The opportunity is before us to establish hundreds of thousands of CSA farms in nations around the world, and to thereby employ a proven, egalitarian model to address the radically changing circumstances in our environment, climate, economics, and social relationships.  This book lays out the vision eloquently.

As a journalist I’ve been writing about CSA since its inception in the USA in the late 1970s. This new book is a visionary call to action.

 


CSA Farms: Actual Farm-Community Alliance or Alternative Marketing Strategy?

January 27, 2015

vegetablesAgrarians often remark in one context or another that they feel farming went off course when people started trying to run farms as a business instead of as a way of life. At that point they say farming was no longer a culture of the land, but rather a business of the land — a business that has metastasized over decades to become the modern, chemically-fueled behemoth of industrial agribusiness.

Community Supported Agriculture (CSA) has been planted and cultivated in the context of the increasing dominance of industrial agriculture and the ongoing decline of the traditional family farm. Over the last 28 years many thousands of people have recognized in CSA a vehicle for approaching food, land, environment and community in a different way. But there is a creeping risk that CSA could be diverted down a course more devotedly focused on monetary profit and business efficiency in service to profit. In so doing the movement risks losing its bearings on the matters of  agricultural, social and environmental renewal that were intrinsic to the original concept.

Increasingly over the last decade, as more and more businesses have seen a marketing opportunity and begun to describe themselves as CSAs, extension services and educators have also advanced the idea of CSA as a “marketing approach” or “marketing tool.” Yet an emphasis on marketing is in many respects the antithesis of what CSA started out to become, and what it still has the potential to become. CSA was not initiated as a way to sell food. It was about communities of people directly supporting specific farms, and in reciprocity farms directly supporting specific people in specific communities.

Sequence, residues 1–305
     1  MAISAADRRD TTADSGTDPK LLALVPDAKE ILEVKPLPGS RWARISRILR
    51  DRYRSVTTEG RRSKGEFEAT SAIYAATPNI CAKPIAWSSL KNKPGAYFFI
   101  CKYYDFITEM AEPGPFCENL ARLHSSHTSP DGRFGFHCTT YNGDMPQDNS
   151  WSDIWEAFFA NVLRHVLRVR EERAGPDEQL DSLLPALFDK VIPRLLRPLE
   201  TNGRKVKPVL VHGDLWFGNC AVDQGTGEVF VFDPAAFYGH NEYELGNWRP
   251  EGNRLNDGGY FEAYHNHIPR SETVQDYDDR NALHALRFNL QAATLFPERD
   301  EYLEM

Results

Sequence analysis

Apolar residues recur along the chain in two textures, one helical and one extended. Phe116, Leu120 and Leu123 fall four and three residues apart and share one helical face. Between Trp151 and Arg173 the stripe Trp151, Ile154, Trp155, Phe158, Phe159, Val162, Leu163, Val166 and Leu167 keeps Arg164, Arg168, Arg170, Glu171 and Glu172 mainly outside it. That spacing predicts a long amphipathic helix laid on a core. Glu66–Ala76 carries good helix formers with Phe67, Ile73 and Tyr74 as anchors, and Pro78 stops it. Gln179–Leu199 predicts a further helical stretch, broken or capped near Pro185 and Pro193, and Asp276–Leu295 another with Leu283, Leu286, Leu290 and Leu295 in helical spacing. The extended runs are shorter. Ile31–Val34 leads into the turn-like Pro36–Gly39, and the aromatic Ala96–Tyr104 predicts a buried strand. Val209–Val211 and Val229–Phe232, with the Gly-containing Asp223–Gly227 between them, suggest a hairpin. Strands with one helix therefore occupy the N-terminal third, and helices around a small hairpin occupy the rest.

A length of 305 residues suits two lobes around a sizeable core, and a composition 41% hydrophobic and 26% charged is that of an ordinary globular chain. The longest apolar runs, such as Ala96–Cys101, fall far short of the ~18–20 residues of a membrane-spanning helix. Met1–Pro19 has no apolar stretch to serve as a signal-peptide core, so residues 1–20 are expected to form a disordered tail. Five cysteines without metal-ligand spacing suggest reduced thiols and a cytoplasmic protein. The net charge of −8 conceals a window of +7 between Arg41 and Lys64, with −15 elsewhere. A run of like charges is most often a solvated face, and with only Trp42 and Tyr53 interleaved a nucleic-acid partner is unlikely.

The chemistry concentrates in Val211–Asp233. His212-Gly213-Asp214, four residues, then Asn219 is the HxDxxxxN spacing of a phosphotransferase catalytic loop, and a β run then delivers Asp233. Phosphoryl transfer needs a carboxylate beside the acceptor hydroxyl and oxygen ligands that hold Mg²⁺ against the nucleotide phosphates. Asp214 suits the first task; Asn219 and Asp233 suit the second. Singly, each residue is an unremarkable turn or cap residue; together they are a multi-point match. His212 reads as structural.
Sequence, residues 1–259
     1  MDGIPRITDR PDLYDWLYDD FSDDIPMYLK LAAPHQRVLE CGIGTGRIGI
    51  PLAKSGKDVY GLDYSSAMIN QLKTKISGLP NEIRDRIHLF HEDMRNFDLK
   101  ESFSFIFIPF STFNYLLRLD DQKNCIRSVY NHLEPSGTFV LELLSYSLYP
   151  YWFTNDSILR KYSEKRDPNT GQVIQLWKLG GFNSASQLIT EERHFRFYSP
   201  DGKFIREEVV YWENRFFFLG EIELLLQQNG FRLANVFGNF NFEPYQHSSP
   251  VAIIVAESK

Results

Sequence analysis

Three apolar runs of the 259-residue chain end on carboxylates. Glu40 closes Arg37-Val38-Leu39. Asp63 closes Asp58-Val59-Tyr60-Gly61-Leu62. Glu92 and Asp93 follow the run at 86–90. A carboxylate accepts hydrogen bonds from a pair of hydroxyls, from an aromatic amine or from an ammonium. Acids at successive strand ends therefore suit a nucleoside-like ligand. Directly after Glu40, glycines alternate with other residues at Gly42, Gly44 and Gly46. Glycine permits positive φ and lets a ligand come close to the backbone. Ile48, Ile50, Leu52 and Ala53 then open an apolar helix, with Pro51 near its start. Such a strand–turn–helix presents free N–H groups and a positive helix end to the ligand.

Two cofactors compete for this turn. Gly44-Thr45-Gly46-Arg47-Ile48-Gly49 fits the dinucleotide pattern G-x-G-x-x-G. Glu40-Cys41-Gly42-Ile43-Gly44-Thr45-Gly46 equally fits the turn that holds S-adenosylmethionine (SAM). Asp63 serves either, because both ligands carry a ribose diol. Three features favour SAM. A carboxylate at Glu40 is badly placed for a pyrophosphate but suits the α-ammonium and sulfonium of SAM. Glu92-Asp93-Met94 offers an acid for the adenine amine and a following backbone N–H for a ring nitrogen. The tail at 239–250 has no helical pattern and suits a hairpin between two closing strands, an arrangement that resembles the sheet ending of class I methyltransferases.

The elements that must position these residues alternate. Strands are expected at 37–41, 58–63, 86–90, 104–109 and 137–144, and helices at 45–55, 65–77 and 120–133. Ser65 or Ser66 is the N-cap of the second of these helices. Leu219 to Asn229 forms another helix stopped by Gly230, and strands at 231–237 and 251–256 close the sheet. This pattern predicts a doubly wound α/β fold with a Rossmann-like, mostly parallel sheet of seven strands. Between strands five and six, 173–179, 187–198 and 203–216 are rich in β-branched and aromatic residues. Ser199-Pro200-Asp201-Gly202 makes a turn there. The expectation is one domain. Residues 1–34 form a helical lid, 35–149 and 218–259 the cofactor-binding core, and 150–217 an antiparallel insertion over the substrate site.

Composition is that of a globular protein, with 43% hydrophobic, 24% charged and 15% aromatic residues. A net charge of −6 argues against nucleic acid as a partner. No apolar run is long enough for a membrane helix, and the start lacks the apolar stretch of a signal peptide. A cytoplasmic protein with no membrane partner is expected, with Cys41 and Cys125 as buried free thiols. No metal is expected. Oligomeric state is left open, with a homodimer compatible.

Many agricultural initiatives claiming the status of CSA do in fact approach it as simply a marketing strategy — just another way for a farm to sell vegetables and to earn money. Such initiatives fill a true need, no doubt. But they veer from the core ideas of CSA, ideas which are eminently worthy of recollection. In my view, the agricultural, environmental, social and health ideals are still very much worth striving for.

When a “CSA” puts its central focus on profit, by that very act it modifies or mutates the spirit of the movement and fundamentally becomes something else – ‘Genetically Modified CSA,’ you might say. That something else may be a fabulous business idea that is doing an effective job of fulfilling a real need for consumers. That’s admirable. But the business is not a CSA, and the use of CSA as a descriptor for such businesses undermines the efforts of true community supported farms.

Profit-centered enterprises have over time eroded the integrity of the term “natural” so that it has little relevant meaning in the marketplace. No one trusts the label “natural” anymore because it can mean anything the labeler wants it to mean. Likewise, the meaning of words like “green” and “sustainable” has mutated over the decades. Those terms have been deliberately compromised to cover an ever-widening range of  ideas and tools, and in some cases the terms have been distorted to describe extreme industrial technological “solutions” for environmental problems, such as adding chemicals to the ocean to control pollution, or salting the atmosphere with microscopic metal particles in an attempt to prevent global climate change

Similarly, the term ‘CSA” may have its definition eroded. As Angelic Organics CSA farmer John Peterson told me last year, “A farm is not just an economic unit to produce food. It’s also a living social, environmental and educational organism…

THE-CALL-OF-THE-LAND-The“A CSA cannot be thought of as just a unit of economic production. That just commodifies the farms and farmers, as food is commodified also…You can’t have farmers beat into the ground working for prices set by wholesalers, trying to make mortgage and equipment payments and all the rest. You cannot have the stewards of the land struggling under that much pressure.”

As I hear it, the call of the land in regard to CSA farms has far more to do with communities of people coming together in creative, positive response to the agricultural, environmental, climatological, social and health challenges of our era than it does with retailing.

– by Steven McFadden